Saturday was spent in the glorious sunshine 70 degree sunshine, walking around downtown Sofia with Georgi and Mihail. I was just in a t-shirt and having the time of my life. I visited many of the same places where Iliyan and I went, but this time in the daylight. I had some delicious berry ice cream and took lots of pictures. We went inside the church of Sofia and I snapped a few photos before I was told it wasn’t allowed. Oops. After my tour around the capital, I went back to my room for a short nap in preparation for the second birthday party I was to attend in Bulgaria. I bought a new dress for the occasion, which, when you’re living out of a suitcase is quite the special occasion. We arrived at the restaurant and I was greeted warmly by the birthday boy. We ate at a sushi place, which was an altogether new experience for me, but I found I enjoyed it quite a lot. I met even more Bulgarians, and found out that everyone at the table was from Pleven. I had some nice conversations with those around me, just soaking in my last night in Bulgaria. Georgi turned to me with a very serious look on his face and asked me a question, “Cami what are you going to do when you graduate from school?” I had been asked this many times, with only a vague answer at best. But after spending a week with my foreign friends, I began to entertain the idea that I would like to work with internationals, possibly in a Human Resources position, similar to one that is at Madden’s. I thought this would be very rewarding, and incorporate one of my new favorite things—travel. This made sense to Georgi, and he though I would be good at it—I may have planned the rest of my life in that moment, who knows. All I know is that I had a wonderful time in Bulgaria and learned a lot about people that are very different from myself, and very different from Swedes as well. It was truly an education on a part of the world I never thought I would visit, but I am immensely glad that I did.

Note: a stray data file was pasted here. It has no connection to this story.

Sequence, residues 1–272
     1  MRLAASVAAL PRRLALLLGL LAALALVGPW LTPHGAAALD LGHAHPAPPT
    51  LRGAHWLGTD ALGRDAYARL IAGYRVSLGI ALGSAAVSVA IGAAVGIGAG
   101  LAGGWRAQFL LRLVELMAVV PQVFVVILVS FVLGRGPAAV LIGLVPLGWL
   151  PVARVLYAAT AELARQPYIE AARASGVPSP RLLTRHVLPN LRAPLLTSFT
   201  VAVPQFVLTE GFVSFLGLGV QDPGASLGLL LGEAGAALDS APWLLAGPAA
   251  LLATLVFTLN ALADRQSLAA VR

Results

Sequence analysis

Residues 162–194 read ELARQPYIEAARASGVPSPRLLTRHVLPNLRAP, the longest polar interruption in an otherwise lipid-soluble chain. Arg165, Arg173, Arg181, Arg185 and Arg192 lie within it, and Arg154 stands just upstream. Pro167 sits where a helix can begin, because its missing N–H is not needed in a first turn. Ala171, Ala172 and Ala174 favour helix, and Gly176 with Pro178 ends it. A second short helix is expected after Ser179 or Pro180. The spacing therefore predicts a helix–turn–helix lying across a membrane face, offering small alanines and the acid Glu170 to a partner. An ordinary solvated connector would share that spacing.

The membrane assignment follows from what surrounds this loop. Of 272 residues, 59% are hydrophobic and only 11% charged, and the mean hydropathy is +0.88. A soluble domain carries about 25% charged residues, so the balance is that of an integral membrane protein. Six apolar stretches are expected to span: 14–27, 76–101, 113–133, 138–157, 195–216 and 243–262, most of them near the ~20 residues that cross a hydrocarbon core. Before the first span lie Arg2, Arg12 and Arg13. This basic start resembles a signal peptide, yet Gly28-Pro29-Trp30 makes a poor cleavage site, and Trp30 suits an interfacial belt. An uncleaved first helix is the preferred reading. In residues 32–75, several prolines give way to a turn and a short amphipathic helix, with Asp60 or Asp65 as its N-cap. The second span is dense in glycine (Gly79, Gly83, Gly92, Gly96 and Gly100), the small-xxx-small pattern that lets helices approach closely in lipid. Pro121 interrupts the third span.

After a very short night (one and a half hours to be exact), we headed off to the airport. We traveled by taxi and Georgi accompanied me. When it came time to say goodbye, we were both at somewhat a loss for words. Both of us realized that we may never see each other again, which was a very sad thought. But I told Georgi that if he and Ina get married, I would love to come to their wedding. I hope that I will be able to come back and visit my friends, but in the meantime I thank everyone that I met in the beautiful country of Bulgaria for everything they showed and taught me. It is an experience I will take with me for the rest of my life. Благодаря ви и довиждане.